By Carole Stone
The Days of Awe are upon us. At this time, we eagerly anticipate the blowing of the shofar, the ram’s horn, as part of our traditional worship service. But why? Why a ram’s horn? Why all that teeth-rattling noise?!
There are many reasons why we blow the shofar on Rosh Hashana, the Jewish New Year. Here are some of them:
Rosh Hashana represents the world’s birthday, indeed an exceptional day. Since we believe the world to be created by God, our sovereign and ruler, we treat the celebration of the anniversary of God’s creation with all the pomp and ceremony due at the ruler’s coronation. The shofar summons us to feel humility before God’s majesty and might.
Have you ever heard the blowing of a shofar? Its shrill, brilliant sound is hard to ignore. The purpose of this sound is to stir our consciences. It reminds us to confront our past errors and return to God, who loves us unconditionally, welcomes the penitent, and forgives our averahs—our transgressions.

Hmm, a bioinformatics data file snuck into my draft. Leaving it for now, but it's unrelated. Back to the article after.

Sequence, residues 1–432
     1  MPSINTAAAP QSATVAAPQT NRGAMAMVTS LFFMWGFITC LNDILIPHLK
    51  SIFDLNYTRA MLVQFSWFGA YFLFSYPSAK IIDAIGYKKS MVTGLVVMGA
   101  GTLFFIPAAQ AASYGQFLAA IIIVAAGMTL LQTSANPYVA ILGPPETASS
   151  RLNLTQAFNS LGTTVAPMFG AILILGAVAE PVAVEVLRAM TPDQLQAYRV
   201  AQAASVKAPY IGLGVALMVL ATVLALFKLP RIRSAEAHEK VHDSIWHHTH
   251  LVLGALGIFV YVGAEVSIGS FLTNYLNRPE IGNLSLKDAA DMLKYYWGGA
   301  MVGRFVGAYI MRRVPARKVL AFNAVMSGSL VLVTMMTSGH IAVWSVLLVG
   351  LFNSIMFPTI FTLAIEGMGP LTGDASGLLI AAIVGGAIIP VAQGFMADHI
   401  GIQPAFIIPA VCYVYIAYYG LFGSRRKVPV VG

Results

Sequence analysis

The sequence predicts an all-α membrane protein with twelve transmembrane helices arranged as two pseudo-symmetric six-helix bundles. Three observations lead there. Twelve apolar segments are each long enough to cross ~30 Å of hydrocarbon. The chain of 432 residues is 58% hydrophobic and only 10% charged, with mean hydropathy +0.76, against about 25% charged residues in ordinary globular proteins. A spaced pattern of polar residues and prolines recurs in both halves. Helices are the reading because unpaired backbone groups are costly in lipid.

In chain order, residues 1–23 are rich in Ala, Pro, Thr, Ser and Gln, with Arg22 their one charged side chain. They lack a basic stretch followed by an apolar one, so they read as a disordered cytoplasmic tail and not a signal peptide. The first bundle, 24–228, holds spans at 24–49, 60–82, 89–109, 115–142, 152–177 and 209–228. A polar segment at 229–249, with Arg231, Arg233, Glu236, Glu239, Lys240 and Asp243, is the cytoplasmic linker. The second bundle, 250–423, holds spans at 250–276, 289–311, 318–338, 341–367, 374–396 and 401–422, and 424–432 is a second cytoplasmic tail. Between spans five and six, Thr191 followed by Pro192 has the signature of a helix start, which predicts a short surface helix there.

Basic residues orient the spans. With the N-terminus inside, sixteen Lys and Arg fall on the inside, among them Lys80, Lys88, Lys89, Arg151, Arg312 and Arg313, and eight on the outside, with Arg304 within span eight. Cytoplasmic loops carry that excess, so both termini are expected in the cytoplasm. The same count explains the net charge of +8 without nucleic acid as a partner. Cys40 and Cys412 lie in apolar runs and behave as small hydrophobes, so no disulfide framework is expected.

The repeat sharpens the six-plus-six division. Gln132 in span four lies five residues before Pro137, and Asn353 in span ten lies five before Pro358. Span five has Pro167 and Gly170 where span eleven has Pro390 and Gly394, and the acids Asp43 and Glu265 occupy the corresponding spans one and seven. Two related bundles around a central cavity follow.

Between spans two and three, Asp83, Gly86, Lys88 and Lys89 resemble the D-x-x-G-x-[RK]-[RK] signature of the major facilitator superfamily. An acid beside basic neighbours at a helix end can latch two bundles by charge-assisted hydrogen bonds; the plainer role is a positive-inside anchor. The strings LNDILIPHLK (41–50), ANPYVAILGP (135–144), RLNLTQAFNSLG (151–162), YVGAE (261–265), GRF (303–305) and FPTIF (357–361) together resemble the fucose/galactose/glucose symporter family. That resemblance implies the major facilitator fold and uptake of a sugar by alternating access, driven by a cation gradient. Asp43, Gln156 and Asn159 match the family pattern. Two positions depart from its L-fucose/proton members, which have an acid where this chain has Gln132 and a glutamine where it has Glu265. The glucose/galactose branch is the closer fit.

When Moses received the Torah at Sinai so long ago, all Jews—past, present, and future—were supposedly there as witnesses. This revelation, accompanied by the sounding of a shofar, reminds us to live a Torah life, pursue its study, and practice its commandments.
The sound of the shofar reminds us of the prophets, whose voices rang out like the sound of a shofar to chastise us for our wrongdoings and to call us to serve God, thereby benefiting all humanity. The shofar also recalls the destruction of our temple in Jerusalem. It urges us to work toward Israel’s renewal.
The shofar reminds us of the ram that Abraham offered as a sacrifice in place of his son Isaac. It thus recalls the heroic faith of our forebearers, who exemplified the highest trust and devotion to God, of which humanity is capable.
The powerful sounds of the shofar are a reminder of the Day of Final Judgment, the ultimate Yom Kippur, when everyone will be called upon to prepare for God’s last judgment of our lives. The shofar foreshadows the end of the world as we know it and the inauguration of God’s reign of righteousness throughout the world, the time of the Coming of the Messiah, a time of acknowledging that God is One and God’s Name One. The shofar foreshadows the time when Israel’s exiled and homeless may return once again to our Holy Land in peace.
Join us at CHESMA—AC/JC3 to worship and listen to the sounds of the shofar. And if you have your own shofar, please bring it! This year Rosh Hashana is observed September 25–27 with a community reservations-only dinner on the 23rd. Yom Kippur is on October 4 and 5. Visit our website at www.shalomsanmiguel.org for more information, or call us during business hours at 415 185 9191.
*NGO paid article